Marketing Mocktail: The sound of brands - sonic branding explained

Move your brand from cognition to emotion with sonic branding.

By  Anand NarasimhaOct 13, 2023 7:40 AM
Marketing Mocktail: The sound of brands - sonic branding explained
Brands have regularly used sound in their advertising, primarily to aid recall using audio mnemonics, signature music and jingles. Titan’s classic soundtrack or Britannia’s ‘Ting-Ting-Tring’ have made us remember these brands with a Pavlovian response, writes Anand Narasimha. (Representative Image: Pawel Czerwinski via Unsplash)

Note to readers: Season-2 of our column Marketing Mocktail breaks down and explains the big ideas, new disruptions and old concepts and marketing practices that matter in the modern age.

The pop of a champagne bottle signals celebration. The cacophony of crackers heralds the arrival of Diwali. The ringing of bells connotes prayer. In our lives, sound has meaning and creates moods, feelings and emotions.

Enter sonic branding

In the world of brands too, sound has become a potent weapon for creating greater consumer engagement. Sonic branding is the new mantra and sound is one of the five-senses used to heighten a brand’s sensory experience. Brands have regularly used sound in their advertising, primarily to aid recall using audio mnemonics, signature music and jingles. Titan’s classic soundtrack or Britannia’s ‘Ting-Ting-Tring’ have made us remember these brands with a Pavlovian response.

Now, marketers are looking at sound not as an advertising device alone but building it into a DBA (Distinctive Brand Asset). An asset that not only aids brand recall and recognition, but also becomes shorthand for its persona-to evoke feelings and emotions. You don’t just see a bullet motorcycle on the road, you also hear it. Its distinctive ‘Dug-Dug’ of the engine is embedded into the DNA of the brand.

A study by Veritonic, in the US, shows how sonic brand assets positively impact purchase intent.

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MOGO is the new LOGO

Today, specialized sonic branding agencies have emerged to help design the sonic identity for brands.

One such pioneering agency is Brand Musiq, founded by Rajeev Raja (ex-creative director and an accomplished musician). The company has developed the sonic identity for brands such as Mastercard, HDFC, Zomato, Tata Salt, MG, Raymond and Vistara, among others.

They have coined the term MOGO or 'Musical Logo'- that is the sonic essence of your brand and is embedded in the MOGOSCAPE- which is the sonic palette of your brand.

To quote the company’s website:

“The quickest way to your customer’s heart is through the ears. The human ear is 20X faster than the eye. Research shows sound has the power to increase customer immersion and engage audiences by up to 86 percent. Couple this with a surge in voice-enabled technology and a worldwide resurgence in audio consumption, and there has never been a better time to move your brand identity from cognition to emotion with sonic branding.”

Brand Musiq has an interesting process to design the sonic identity of brands, called MUSE (Musical Strategy Exercise), that is an amalgamation of Western psychology, Indian classical arts, and modern audio science. They start with using the brand archetypes and ‘Nava Rasas’ to map the brand’s MOGOSCAPE. From there they compose the MOGO and adapt it across different ‘ear-points’ (sonic touchpoints).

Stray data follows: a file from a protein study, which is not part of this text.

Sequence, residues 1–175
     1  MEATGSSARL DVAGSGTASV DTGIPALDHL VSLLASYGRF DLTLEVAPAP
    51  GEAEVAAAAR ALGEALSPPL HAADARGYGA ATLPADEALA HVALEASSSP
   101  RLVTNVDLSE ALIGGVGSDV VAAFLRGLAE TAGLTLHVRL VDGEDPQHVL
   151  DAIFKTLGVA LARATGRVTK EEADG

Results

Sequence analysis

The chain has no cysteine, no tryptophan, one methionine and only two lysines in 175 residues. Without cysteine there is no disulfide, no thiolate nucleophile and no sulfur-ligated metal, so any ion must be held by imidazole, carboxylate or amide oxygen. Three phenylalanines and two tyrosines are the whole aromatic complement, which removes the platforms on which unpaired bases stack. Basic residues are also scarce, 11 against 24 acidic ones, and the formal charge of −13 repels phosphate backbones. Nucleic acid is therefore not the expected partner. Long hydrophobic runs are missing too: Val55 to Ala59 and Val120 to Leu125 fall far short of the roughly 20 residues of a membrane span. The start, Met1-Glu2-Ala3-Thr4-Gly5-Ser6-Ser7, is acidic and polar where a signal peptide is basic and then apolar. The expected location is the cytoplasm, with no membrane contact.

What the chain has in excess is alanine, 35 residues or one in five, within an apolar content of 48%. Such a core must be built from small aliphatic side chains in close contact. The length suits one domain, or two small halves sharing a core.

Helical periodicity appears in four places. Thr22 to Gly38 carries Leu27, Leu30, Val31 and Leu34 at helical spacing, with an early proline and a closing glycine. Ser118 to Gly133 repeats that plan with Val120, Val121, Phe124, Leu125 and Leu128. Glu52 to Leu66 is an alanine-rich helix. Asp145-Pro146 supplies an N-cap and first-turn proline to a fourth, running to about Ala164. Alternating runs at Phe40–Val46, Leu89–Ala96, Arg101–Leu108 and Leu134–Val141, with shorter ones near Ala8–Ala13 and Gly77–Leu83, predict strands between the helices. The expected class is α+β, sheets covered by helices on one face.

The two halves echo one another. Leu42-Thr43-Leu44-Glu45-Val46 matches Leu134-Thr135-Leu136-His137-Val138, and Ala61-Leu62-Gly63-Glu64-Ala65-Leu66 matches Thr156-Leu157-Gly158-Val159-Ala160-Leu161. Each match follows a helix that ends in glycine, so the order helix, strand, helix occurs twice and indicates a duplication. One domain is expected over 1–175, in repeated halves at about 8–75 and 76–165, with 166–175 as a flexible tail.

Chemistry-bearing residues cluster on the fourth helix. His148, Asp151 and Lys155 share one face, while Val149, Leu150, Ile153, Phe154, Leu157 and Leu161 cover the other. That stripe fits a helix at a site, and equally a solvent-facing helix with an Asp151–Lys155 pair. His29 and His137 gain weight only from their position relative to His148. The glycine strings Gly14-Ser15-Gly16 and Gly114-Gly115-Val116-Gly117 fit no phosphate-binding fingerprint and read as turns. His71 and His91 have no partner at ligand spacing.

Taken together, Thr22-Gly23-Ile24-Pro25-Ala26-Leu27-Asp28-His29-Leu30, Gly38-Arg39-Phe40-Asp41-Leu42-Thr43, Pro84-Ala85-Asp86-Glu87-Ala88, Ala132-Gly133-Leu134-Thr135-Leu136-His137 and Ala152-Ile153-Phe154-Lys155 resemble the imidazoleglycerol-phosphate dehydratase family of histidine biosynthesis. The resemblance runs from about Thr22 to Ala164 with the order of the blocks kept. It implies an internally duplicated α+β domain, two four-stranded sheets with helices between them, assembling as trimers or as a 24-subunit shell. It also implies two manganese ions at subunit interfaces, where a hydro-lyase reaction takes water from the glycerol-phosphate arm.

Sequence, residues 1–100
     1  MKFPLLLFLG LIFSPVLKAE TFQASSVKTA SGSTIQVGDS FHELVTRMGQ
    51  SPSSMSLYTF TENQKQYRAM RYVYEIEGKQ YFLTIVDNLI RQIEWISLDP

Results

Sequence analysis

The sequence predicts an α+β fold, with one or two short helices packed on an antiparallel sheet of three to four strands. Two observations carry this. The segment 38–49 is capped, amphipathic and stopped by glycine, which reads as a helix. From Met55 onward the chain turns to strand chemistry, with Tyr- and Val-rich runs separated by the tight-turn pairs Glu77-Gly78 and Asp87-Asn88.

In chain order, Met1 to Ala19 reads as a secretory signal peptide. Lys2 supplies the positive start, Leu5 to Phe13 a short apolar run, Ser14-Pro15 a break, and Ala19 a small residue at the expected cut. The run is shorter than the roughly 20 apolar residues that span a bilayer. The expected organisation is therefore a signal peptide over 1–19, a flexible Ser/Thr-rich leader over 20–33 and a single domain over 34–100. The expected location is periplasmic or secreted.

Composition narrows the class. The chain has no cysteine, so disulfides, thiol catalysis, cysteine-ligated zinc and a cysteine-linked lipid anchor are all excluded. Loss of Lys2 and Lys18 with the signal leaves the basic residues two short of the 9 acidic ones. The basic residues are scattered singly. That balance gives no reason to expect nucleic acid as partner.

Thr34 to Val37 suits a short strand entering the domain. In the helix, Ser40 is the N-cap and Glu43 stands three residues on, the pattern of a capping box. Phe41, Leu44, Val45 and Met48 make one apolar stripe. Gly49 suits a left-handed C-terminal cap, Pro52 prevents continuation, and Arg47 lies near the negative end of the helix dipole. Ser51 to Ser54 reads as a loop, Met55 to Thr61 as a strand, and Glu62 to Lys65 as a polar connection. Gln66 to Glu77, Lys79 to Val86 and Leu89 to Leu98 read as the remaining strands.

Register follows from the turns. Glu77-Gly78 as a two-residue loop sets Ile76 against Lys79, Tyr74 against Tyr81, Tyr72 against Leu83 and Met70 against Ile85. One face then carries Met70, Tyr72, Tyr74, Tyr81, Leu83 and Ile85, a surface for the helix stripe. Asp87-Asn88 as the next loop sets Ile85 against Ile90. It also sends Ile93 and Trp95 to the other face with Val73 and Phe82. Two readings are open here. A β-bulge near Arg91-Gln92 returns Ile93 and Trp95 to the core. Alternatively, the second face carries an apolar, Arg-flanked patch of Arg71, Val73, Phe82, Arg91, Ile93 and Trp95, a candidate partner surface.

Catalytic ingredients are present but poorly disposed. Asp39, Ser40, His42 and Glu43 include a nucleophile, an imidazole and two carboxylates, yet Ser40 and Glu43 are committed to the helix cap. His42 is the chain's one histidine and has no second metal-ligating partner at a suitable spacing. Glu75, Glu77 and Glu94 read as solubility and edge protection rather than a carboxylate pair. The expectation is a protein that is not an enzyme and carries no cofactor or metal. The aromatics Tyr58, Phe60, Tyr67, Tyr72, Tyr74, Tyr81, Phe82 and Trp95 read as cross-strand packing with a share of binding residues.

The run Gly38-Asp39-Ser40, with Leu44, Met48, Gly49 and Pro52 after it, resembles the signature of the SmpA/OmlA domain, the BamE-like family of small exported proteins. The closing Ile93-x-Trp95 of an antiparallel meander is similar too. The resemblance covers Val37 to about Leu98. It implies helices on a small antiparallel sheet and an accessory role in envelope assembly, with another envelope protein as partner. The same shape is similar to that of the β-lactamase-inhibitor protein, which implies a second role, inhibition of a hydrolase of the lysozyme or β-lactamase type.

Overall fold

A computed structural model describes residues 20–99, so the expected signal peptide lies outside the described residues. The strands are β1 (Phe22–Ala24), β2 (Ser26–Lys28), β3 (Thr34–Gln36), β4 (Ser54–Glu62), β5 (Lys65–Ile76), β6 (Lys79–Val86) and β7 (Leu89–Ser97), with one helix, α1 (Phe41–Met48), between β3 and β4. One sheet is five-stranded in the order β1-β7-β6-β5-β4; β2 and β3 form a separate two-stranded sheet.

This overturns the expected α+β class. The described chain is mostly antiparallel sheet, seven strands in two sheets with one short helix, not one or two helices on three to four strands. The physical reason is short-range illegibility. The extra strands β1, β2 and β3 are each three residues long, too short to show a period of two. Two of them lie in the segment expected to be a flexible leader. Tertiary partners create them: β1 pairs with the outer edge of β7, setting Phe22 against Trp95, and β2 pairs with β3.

Let’s look at some brands, over the years, that have used sound imaginatively to make it a powerful DBA.

Brahma Beer

The Brazilian beer brand created and owns the unique ‘Tssss’ sound of the cap coming off the bottle. Beer drinkers started mouthing ‘Tssss’ to be served a chilled Brahma beer at bars and pubs.

Kellogg’s

This global cereal brand built their Rice Krispies around the magic of Snap-Crackle-Pop’ which was embedded in the product and caught the imagination of kids. The moment the Rice Krispies are added to milk they emit a sequence of sounds that go ‘Snap-Crackle-Pop’- embodied in three brand mascots of the same name.

Kingfisher

Closer home ‘The king of good times’ made its jingle evoke the brand values of fun, enjoyment, and flamboyance. The reggae style ‘Oo-lala-la-ley-o’ transports you onto the beaches of the Caribbean (or Goa) with a chilled beer in hand.

Nokia

The signature ring tone became a calling card for the brand. Out of the 400 million handsets that Nokia sold at that time, almost 20 percent of users retained the default ringtone. That makes it 20 million consumers whose phone always rang with the Nokia ringtone. Assuming an average number of 11 rings per day at nine seconds per ring, it works out to 10 hours per year into 20 million phones! Now that’s a huge amount of unpaid branding.

Intel

How does a chip sound? The semi-conductor giant invested in the ‘wave sound’ or the ‘Intel Bong’ as an intrinsic part of its branding. Every time you hear the wave, you think of the power of the Intel processor.

Netflix

‘Ta-Dum’-two notes do it all for Netflix, with ‘Ta-Dum’ perfectly timed as the logo appears when you open this streaming platform. Even if you're in another room when you hear it, you know it's time to binge watch a new show or dig into a movie.

A powerful and evocative sonic identity can make a brand stand out and create emotional connections in a visually cluttered world.

Imagine if the world was blind, how would people recognize and connect with your brand?

Anand Narasimha is a corporate turned academician with over three decades of experience spanning Brand Marketing, Advertising, Consulting, and Teaching. He writes the column Marketing Mocktail for Storyboard18. Views expressed are personal.

First Published on Oct 13, 2023 7:40 AM

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